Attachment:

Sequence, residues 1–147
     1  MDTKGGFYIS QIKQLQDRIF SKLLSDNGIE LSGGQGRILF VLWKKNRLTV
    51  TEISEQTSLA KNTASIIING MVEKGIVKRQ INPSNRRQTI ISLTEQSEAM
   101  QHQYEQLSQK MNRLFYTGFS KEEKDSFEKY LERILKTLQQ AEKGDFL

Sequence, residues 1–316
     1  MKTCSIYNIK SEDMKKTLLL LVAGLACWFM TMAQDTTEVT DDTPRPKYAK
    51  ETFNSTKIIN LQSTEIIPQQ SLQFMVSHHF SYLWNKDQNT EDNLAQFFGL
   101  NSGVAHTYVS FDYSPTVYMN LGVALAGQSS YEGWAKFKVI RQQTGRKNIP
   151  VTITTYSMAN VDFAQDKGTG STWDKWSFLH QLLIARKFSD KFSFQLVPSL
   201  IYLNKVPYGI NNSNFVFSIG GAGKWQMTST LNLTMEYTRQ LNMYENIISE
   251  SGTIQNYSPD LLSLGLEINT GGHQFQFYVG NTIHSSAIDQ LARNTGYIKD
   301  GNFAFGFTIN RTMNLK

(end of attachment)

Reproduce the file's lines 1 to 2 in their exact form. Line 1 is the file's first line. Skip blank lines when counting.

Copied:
Sequence, residues 1–147
     1  MDTKGGFYIS QIKQLQDRIF SKLLSDNGIE LSGGQGRILF VLWKKNRLTV